BigBox
Big Box Mode

Once it’s all together and you start using Launchbox is when you really start to see the value.  The first person I showed my setup too hit the nail right on the head, this was a video game history lesson.  I have a fairly nice collection of games and I’ve bought a lot of the big name games and milestone games over the years but you never really realize how many games are available and finding those gems you’ve maybe only read about and getting a chance to play is a joy.  I have so many memories of playing arcade games throughout my childhood and getting to play them again brings those memories back.  Finding a crazy game that you may have only seen but never played is exciting as well.

With Launchbox though you may simply find yourself browsing your collection and reading up on the information provided via the Launchbox Games database which provides information for just about every game, add an EmuMovies account and you’ll get some nice videos to add to the collection of box art, fan art and screenshots you’ll be able to get from the Launchbox database.

Outside of arcade and console emulation you can also find yourself deep in PC emulation thanks to DOSBox (included with Launchbox) and some crazy collections of Abandonware games you can find on the Internet.  DOS games are unique in a way where you can find some games that still hold up quite well today and some that really don’t.  Again however sometimes it’s just enough to be able to see where some long running game franchises started way back in the early days.  DOSBox may not be for everyone since there is still the challenge of it actually being DOS, but both the DOSBox emulator and Launchbox make it fairly easy to set up and explore old DOS games.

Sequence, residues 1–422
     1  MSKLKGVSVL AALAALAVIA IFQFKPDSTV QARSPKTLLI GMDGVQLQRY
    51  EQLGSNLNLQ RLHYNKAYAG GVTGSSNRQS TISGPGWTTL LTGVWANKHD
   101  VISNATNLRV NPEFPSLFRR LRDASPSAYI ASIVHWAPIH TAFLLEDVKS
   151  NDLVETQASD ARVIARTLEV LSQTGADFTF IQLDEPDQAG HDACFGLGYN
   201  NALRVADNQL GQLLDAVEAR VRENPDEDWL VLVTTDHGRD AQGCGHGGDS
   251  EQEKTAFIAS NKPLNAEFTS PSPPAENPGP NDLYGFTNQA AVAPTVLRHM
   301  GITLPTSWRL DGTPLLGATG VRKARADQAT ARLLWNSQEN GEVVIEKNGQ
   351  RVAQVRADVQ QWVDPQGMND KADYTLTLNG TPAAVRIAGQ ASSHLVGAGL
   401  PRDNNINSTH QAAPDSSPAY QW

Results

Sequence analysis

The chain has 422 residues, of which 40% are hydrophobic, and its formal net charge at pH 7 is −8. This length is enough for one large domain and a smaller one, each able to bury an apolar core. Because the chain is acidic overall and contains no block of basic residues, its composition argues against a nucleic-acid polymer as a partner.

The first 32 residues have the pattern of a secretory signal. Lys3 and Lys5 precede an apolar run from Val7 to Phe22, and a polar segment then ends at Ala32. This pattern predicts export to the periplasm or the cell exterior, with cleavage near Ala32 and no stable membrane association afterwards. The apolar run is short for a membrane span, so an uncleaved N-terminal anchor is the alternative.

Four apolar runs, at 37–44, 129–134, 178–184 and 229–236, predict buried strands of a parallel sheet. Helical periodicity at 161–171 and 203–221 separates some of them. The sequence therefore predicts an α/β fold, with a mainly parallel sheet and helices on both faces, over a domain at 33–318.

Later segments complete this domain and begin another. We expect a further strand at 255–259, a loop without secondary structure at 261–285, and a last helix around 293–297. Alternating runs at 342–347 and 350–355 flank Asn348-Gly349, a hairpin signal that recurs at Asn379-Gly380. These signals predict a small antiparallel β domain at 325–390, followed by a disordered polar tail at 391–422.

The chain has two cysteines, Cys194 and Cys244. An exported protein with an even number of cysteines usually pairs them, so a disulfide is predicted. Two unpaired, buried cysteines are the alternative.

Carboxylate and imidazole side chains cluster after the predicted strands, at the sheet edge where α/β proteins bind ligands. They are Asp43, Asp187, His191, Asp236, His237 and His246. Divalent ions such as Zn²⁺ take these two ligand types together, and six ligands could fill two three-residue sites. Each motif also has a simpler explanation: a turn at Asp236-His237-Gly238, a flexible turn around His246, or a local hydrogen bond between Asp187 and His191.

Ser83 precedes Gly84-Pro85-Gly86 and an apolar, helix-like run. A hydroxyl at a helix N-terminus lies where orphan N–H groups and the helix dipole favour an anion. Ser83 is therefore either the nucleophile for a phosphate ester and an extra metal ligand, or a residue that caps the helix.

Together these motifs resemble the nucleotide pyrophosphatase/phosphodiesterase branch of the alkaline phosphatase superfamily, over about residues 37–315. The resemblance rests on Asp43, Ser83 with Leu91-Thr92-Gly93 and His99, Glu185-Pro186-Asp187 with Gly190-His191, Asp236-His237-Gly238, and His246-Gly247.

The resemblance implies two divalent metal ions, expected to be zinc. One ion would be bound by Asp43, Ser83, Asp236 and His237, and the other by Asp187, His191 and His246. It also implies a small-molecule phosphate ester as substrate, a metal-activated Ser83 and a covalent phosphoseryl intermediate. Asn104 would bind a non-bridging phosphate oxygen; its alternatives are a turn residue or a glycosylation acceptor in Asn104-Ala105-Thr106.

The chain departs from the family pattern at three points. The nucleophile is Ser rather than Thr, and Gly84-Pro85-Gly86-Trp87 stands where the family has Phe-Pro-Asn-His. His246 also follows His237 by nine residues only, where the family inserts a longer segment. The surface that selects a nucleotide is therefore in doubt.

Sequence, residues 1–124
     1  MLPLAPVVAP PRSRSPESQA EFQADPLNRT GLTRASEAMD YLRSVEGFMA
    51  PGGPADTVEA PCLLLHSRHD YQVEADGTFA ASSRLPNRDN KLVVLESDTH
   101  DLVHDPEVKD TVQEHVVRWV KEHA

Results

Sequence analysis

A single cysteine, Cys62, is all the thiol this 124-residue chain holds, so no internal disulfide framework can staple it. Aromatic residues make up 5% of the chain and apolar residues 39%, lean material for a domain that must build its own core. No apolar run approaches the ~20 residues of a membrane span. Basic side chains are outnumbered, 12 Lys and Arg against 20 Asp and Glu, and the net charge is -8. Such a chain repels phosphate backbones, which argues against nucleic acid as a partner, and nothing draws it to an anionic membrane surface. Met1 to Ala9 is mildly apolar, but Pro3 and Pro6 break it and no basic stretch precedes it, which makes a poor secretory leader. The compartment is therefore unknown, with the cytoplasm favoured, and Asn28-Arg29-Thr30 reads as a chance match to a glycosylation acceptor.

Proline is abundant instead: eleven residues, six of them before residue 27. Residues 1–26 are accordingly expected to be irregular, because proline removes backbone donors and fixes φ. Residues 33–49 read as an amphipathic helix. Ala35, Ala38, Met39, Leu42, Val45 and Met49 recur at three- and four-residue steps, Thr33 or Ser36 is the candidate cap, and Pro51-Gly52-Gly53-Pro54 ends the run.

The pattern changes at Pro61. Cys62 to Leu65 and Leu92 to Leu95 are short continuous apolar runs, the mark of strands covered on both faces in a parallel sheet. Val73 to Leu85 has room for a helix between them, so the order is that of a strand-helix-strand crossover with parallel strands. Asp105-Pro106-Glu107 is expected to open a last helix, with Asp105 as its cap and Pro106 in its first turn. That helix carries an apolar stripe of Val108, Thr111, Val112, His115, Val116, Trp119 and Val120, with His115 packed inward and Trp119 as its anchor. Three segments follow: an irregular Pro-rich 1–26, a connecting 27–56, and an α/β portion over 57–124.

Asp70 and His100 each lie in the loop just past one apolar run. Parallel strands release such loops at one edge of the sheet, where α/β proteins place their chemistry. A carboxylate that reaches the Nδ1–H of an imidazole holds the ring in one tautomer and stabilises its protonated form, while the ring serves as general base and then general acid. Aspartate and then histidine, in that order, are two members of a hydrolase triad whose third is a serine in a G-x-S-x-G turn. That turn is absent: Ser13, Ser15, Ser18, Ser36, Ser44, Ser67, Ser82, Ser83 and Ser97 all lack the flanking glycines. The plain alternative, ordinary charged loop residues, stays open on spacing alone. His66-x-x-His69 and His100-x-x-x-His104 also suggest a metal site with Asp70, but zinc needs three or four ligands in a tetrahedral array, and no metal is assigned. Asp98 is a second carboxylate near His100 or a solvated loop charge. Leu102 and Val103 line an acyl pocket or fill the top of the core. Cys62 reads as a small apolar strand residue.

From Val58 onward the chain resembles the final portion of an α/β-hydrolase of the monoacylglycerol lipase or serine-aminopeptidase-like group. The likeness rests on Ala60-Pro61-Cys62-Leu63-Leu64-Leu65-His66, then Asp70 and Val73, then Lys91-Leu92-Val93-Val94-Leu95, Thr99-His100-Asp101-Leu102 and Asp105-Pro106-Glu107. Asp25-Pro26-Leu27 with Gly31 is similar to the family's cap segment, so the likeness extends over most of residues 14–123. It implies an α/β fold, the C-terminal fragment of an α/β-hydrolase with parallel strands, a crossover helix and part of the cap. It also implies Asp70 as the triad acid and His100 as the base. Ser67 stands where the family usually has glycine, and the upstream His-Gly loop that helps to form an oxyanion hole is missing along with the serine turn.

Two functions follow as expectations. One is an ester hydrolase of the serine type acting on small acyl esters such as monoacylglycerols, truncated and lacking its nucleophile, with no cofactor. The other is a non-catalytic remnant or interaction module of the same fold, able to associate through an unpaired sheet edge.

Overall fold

Preserving Our Retro History and Enjoying New Games

Of course looking back always has a direct reflection on the present as well.  After spending some time pursuing the halls of video games past you may find that your interest in the video games of today has been renewed as well.  I’ve found myself purchasing more Nintendo amiibos than I had planned simply because I’ve gone back and discovered characters I simply had to own.  Many of today’s games have found inspiration in the 2D sprites and simple graphics of the 8 and 16 bit eras, and if you’ve got a load of them in your Steam library Launchbox actually connects with Steam (although I haven’t yet added mine) to bring the past and the present together.

Emulation has its limits however and once you get to systems like the OG Xbox and the PS3 and of course newer systems there is little if any option to emulate.  Thankfully I still own both and have set up again! With my PS3 connected once again I’ve discovered HD Remasters of games like Jax and Daxter, Sly Cooper and more!  I would love to see Microsoft figure out a way to begin emulating the OG Xbox alongside the Xbox 360 as part of their Backwards Compatibility efforts.  Sadly I’m unsure if it’s even possibly for Sony to implement Backwards Compatibility in their systems due to the architecture used by the PS2 and the PS3.  Nintendo has an amazing backlog of great games but their slow as turtle release schedule for older games and unique systems with 2 screens and 3D make it a challenge for them as well (although not for the Internet as WiiU emulation is well underway and progressing quite well from what I’ve read).

Overall Launchbox has helped me get back in touch with my gaming roots and to make it easier to share those roots with my kids.  As a side effect it’s actually helped me to start enjoying current gen gaming more as well.  The ease of use has allowed me to have fun rather than struggle with setups.  It’s also a plus to use a program that you know is a labor of love of the developer. At the time of this blog post Launchbox is on version 7.6 with 7.7 soon to come out of beta.  The current release is stable and new features have already been added since I’ve started using it and more are planned for the future.  I look forward to using it and can’t wait to show it off more in the future!